Green sports facilities set an example for other sites
Fire up, sports fans and FMs, and join the game. Athletics prize and represent good health and obstacles over- come. Let’s apply a similar
outlook to the building arena.
Even if you don’t manage a stadium or own a youth
soccer complex, many efforts at sports facilities can score
big at other sites. Because of the unique intensity, variety,
and occupancy of these venues, you can learn from their
sustainable initiatives. Use the following tips to net a
Snatch Low-Hanging Fruit
From energy and water use to waste disposal, sports
facilities face a number of challenges when greening their
“It’s a huge challenge to make sustainability work at
these places. Arenas aren’t occupied like an office or multi-
family complex. They get a massive influx of people in a
short period of time, and then they sit vacant for days,”
explains Steve D’Iorio, senior vice president at Jones Lang
LaSalle, a firm that offers third-party property manage-
ment. “Sports sites start with what’s feasible.”
The same can be said for commercial buildings. Even if
you only manage a small area that caters to physical activ-
ity – a high school gym, a recreation center, or a pool –
steal a few moves from the pros. Focus on small homeruns
that really add up.
“Easily achieved items include better discipline about
turning things off when they’re not being used and imple-
menting low-cost solutions like aerators on faucets and
weather stripping on doors,” says Scott Jenkins, GM of
the Atlanta Falcons stadium and chairman of the Green
Sports Alliance, a non-profit organization whose mission
is to help sports teams, venues, and leagues enhance their
environmental performance. “Start with a base knowledge
of how you performed in the past and what’s business as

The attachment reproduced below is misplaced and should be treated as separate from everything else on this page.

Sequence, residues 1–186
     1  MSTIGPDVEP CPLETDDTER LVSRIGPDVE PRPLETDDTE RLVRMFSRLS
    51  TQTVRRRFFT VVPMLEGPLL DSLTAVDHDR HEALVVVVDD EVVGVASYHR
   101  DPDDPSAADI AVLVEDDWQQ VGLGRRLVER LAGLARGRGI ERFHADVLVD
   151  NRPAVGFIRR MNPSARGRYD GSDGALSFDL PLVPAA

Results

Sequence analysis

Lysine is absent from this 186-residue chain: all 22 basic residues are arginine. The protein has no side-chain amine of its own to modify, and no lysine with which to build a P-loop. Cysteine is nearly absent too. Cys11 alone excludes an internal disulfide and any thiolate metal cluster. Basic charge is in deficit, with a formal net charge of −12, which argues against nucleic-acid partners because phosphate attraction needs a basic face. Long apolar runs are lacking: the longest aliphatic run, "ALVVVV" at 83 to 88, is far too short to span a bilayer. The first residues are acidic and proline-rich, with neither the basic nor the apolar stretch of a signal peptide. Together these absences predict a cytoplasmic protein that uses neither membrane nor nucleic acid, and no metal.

usual. Then think about what you can accomplish with a
new way of doing things.”
A lighting retrofit is an easy measure that can yield
significant savings (For examples of specific strategies, see
Case Study #4).
“There’s a real benefit to switching to new technolo-
gies. With LEDs, you’ve got instant on/off and no time
needed for warming up,” says J. Eric Sullivan, Jr., principal
and executive vice president of third-party firm Sports
Facilities Management. “Features like dimmability allow
you to light up a sporting event for TV and dim them down
for a community dance the next day. That’s a whole new
opportunity that wasn’t available with metal halide or
For additional savings, install sensors and controls to
achieve further reductions, Jenkins recommends. Energy
management and building automation systems will also
keep your savings ticking higher.
“Controls should be your next focus,” D’Iorio explains.
“Pick systems that give you the most amount of flexibility.
They can really help dummy down building operation.”
“Anything you can do to minimize gallons per flush or
implement low-flow technology is huge from an efficiency
standpoint. Water is likely your second highest utility
expense,” Sullivan says.
Another overlooked opportunity is waste disposal.
While landfill fees may not be as high as other operational
costs, the motivation for diversion is reducing your carbon
footprint. Strategies like recycling and composting can get
complex, but again, start by focusing on feasible actions.
“When it comes to source separation and recycling,
most companies will jump in and do whatever they can,”
D’Iorio explains, adding that most measures are as simple
as providing designated bins for recyclable items.
Extensive waste management programs go beyond